Published: 6 September 2020

Authors: Jonathan Cooke, Carl Llor, Rogier Hopstaken, Matthew Dryden, Christopher Butler

Source: This abstract has been sourced from NZ Respiratory Research Review Issue 196


    Antimicrobial resistance (AMR) continues to be a global problem and continues to be addressed through national strategies to improve diagnostics, develop new antimicrobials and promote antimicrobial stewardship.
    Patients who attend general (ambulatory) practice with symptoms of respiratory tract infections (RTIs) are invariably assessed by some sort of clinical decision rule (CDR). However, CDRs rely on a cluster of non-specific clinical observations. A narrative review of the literature was undertaken to ascertain the value of C reactive protein (CRP) point-of-care testing (POCT) to guide antibacterial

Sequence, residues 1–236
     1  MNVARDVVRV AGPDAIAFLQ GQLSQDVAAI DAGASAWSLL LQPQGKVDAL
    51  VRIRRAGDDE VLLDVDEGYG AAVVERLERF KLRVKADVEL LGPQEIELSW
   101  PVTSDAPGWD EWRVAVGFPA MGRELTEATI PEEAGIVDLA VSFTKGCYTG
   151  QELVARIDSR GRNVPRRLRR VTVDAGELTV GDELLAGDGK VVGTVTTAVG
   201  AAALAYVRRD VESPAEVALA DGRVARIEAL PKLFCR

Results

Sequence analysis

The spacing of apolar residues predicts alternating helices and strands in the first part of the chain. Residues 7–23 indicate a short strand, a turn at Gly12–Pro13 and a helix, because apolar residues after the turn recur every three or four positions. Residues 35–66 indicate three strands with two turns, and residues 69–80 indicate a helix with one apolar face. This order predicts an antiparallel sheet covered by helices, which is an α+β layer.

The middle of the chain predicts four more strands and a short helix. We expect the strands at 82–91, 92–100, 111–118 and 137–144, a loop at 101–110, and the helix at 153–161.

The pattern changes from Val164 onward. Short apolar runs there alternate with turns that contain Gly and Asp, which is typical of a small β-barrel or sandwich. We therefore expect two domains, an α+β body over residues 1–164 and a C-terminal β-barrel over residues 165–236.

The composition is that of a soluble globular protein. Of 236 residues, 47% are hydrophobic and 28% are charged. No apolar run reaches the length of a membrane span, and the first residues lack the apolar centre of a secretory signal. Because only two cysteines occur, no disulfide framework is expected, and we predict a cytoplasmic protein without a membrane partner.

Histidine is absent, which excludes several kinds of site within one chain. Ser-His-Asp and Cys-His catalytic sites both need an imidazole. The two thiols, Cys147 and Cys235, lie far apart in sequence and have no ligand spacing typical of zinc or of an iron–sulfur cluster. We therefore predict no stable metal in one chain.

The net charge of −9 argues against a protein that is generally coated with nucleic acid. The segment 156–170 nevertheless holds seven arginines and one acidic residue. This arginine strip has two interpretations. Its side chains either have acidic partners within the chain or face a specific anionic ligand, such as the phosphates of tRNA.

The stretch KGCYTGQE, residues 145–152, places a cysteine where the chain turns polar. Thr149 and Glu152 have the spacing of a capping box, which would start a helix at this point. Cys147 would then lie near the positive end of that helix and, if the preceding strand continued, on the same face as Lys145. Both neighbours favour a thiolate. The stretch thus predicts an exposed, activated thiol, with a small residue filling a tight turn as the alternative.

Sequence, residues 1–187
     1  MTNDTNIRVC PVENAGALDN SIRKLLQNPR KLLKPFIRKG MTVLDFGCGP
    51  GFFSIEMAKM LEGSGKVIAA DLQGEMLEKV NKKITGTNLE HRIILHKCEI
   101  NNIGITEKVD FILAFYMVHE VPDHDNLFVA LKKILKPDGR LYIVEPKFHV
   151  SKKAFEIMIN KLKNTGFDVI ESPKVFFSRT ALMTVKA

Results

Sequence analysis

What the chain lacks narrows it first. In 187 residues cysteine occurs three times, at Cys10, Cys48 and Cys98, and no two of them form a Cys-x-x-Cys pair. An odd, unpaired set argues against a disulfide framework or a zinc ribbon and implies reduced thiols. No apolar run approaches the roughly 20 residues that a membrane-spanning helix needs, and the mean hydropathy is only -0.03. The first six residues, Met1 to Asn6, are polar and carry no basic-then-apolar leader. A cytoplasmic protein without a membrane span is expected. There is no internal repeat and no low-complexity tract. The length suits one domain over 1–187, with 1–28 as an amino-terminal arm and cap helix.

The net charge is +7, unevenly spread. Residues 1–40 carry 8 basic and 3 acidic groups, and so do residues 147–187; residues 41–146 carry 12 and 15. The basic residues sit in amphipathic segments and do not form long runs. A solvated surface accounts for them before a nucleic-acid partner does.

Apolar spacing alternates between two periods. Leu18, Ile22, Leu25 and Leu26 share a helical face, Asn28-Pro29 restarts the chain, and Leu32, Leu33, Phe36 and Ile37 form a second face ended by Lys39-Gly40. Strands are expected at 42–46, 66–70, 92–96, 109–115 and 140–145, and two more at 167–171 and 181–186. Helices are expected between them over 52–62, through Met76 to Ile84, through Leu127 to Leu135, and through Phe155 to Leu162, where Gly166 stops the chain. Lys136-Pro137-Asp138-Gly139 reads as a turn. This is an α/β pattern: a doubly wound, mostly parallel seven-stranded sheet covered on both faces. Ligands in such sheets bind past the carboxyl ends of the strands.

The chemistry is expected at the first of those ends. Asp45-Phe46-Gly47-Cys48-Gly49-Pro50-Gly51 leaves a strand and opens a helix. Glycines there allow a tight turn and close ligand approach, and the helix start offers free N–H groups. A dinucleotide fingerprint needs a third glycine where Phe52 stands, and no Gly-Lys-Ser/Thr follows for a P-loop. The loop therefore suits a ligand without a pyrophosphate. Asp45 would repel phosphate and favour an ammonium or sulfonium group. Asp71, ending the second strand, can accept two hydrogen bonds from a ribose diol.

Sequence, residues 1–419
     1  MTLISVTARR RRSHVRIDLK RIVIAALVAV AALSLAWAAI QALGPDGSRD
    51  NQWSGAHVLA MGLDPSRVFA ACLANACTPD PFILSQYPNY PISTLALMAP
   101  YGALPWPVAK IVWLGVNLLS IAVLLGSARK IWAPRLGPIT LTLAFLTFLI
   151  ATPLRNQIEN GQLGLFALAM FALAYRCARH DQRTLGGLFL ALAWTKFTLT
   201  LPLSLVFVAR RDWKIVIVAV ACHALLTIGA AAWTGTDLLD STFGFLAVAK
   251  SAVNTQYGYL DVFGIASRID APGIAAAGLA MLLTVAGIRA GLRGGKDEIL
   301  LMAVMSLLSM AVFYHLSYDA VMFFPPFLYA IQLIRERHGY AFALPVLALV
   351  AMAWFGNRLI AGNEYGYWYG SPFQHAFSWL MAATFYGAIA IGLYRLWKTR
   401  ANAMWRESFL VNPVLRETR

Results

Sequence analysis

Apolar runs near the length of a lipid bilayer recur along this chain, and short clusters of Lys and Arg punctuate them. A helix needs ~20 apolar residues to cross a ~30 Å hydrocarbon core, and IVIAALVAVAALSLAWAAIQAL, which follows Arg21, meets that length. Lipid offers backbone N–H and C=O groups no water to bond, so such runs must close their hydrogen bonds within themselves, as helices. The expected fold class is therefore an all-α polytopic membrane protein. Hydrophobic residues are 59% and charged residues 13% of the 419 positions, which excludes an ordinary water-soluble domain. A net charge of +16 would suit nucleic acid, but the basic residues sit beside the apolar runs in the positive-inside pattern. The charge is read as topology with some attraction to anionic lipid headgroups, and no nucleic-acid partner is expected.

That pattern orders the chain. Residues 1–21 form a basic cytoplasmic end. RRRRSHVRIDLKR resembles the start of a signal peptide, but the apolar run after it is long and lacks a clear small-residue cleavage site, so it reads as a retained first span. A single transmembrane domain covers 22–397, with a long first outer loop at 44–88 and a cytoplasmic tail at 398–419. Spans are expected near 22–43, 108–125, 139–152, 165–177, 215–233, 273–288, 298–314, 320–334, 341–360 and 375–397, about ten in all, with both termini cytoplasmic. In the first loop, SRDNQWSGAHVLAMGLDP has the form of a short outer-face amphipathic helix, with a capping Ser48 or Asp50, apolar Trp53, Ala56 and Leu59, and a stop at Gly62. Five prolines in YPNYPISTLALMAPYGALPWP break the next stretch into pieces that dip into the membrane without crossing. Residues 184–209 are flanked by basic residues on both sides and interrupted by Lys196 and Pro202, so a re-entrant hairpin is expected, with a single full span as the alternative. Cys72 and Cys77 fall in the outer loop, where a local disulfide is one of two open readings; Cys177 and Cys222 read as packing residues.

prescribing in adult patients presenting to general practitioner (GP) practices with symptoms of RTI. Studies that were included were Cochrane reviews, systematic reviews, randomised controlled trials, cluster randomised trials, controlled before and after studies, cohort studies and economic evaluations. An overwhelming number of studies demonstrated that the use of CRP tests in patients presenting with RTI symptoms reduces index antibacterial prescribing. GPs and patients report a good acceptability for a CRP POCT and economic evaluations show costeffectiveness of CRP POCT over existing RTI management in primary care. POCTs increase diagnostic precision for GPs in the better management of patients with RTI. With the rapid development of artificial intelligence, patients will expect greater precision in diagnosing and managing their illnesses. Adopting systems that markedly reduce antibiotic consumption is a no-brainer for governments that are struggling to address the rise in AMR.

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